How one US supplier got local seafood into California schools

Published on
October 5, 2015

California elementary and high school students are getting more seafood in their diets, thanks to a community supported fishery (CSF) program.

Moss Landing, Calif.-based Real Good Fish began operating as a CSF in 2012. Late last year, it added Bay 2 Tray, in which it delivers local bycatch seafood to the Monterey Peninsula Unified School District, and will be delivering to additional school districts soon.

“We want to get as much local seafood in the hands of local consumers and kids, because we see that as the opportunity for change and impact,” Alan Lovewell, CEO and founder of Real Good Fish, told SeafoodSource. “We live in a culture now where seafood consumption is declining. So how do we get kids and adults to enjoy seafood more? It’s an education process that involves providing recipes, hand-holding and getting people excited about local seafood.”

Bay 2 Tray is supported by the Center for Eco-Literacy as part of the state’s California Thursdays program, which aims to get the state’s schools to serve a locally-sourced menu for students. “It’s a way to connect the kids with the local food producers and provide the healthiest foods possible in the process,” Lovewell said.

“We are also bringing fishermen into the schools. It is an opportunity for kids to learn where their seafood is coming from, and then go to the cafeteria to have lunch,” Lovewell said.

Soon after Real Good Fish began working with the Monterey Unified School District – which serves more than 10,000 meals a day – in January, other school districts wanted to get involved.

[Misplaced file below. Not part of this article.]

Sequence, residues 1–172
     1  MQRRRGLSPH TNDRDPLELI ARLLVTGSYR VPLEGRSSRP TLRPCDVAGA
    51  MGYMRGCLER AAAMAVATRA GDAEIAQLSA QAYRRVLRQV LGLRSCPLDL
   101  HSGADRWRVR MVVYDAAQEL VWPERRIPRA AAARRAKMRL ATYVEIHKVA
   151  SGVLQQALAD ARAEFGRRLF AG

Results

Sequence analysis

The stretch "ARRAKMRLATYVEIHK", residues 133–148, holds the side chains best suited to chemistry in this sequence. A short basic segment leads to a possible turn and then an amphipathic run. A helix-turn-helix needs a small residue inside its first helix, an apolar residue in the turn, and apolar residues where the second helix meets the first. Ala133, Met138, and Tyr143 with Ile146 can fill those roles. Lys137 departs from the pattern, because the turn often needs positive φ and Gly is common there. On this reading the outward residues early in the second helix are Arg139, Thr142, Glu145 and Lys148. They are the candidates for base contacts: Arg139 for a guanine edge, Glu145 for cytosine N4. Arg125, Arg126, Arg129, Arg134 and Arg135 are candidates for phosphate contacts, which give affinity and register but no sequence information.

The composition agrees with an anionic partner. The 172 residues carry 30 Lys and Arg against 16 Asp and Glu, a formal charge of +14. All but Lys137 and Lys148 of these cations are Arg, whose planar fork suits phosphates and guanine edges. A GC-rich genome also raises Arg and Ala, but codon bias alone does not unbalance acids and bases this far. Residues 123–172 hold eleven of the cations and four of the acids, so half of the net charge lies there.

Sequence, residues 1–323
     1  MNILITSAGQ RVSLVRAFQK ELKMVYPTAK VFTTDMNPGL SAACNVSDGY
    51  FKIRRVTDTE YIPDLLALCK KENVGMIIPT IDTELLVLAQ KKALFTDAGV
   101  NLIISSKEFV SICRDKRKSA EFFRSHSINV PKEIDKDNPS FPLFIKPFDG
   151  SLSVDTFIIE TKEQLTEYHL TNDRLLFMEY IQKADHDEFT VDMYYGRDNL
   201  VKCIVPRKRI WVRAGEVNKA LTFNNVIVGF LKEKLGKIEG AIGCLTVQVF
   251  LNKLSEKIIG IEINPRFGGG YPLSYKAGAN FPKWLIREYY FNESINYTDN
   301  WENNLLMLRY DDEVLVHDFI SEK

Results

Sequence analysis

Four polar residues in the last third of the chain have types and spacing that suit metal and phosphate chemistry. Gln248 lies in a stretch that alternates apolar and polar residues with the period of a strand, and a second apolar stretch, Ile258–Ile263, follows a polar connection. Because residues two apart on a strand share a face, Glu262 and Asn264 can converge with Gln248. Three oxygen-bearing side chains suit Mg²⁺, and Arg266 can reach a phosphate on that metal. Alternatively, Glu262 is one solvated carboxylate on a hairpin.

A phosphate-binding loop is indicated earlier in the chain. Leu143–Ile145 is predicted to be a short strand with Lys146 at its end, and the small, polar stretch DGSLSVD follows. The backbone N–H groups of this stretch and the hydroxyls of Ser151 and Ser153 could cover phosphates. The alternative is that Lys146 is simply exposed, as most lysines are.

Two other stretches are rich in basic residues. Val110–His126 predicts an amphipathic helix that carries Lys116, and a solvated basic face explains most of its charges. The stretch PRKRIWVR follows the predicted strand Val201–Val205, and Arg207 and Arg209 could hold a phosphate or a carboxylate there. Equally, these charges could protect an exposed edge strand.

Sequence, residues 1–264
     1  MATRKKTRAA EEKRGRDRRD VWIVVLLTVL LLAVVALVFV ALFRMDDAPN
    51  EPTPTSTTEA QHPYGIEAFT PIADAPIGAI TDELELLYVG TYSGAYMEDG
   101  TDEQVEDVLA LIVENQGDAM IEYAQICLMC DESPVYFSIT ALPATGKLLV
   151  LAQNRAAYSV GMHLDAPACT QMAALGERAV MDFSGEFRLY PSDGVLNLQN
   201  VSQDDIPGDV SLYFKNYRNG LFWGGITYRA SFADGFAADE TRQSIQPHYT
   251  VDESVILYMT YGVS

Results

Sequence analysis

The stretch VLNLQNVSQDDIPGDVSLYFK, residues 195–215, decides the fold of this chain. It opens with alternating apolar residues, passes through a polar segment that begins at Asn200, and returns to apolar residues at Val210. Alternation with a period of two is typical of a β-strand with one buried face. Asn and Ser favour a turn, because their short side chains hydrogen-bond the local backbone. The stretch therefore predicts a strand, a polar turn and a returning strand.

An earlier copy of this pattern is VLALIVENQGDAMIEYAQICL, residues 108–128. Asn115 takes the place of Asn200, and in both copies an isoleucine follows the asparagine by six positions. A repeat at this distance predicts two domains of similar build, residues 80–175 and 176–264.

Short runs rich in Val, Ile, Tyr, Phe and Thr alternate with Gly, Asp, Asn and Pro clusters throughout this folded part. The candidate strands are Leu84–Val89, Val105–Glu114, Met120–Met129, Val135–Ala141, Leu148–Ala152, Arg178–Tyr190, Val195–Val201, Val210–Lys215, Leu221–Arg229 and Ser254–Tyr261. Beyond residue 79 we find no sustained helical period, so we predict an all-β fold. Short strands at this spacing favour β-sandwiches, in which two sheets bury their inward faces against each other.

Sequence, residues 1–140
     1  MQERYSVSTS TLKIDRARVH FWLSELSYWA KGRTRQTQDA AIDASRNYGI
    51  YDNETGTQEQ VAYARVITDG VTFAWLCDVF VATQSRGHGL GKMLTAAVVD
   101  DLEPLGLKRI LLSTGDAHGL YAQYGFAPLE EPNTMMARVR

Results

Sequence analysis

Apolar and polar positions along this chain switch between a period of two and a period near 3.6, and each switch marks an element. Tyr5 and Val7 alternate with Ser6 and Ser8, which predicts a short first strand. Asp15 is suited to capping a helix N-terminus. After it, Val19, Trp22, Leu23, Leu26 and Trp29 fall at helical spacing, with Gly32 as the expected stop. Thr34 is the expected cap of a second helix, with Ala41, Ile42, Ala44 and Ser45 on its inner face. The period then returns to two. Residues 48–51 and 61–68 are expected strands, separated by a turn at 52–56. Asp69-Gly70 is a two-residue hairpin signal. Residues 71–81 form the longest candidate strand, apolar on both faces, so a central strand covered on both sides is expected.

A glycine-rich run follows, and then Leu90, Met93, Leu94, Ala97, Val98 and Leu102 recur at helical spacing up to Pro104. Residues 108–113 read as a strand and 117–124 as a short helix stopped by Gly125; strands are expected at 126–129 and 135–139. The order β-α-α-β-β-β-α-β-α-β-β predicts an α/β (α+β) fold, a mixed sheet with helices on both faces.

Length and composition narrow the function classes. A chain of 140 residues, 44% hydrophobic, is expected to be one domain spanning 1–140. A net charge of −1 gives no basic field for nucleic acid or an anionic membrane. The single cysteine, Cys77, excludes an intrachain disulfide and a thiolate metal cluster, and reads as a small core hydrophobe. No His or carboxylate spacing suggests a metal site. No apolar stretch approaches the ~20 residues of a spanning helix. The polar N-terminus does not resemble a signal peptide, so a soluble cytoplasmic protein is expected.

As a result, the Pittsburgh Unified School District north of Oakland will start receiving local seafood in October. In January, the Oakland Unified School District will start its program.

Because of school districts’ tight budgets – typically USD 1.25 (EUR 1.12) per student, per meal – Real Good Fish can only supply schools with IQF bycatch fillets.

“We wouldn’t be able to meet their price point for wild salmon and other fish,” Lovewell said. “The only way we can offer the program is with species that are undervalued.” The CSF also found a bycatch species with a mild flavor kids want to eat – similar to tilapia. “It is not mainstream and we are hoping it doesn’t go mainstream, because the price would go up,” Lovewell said.

Schools are using the fish in dishes such as fish tacos and fish taco bowls, which contain beans, rice, fish and vegetables.

Contributing Editor



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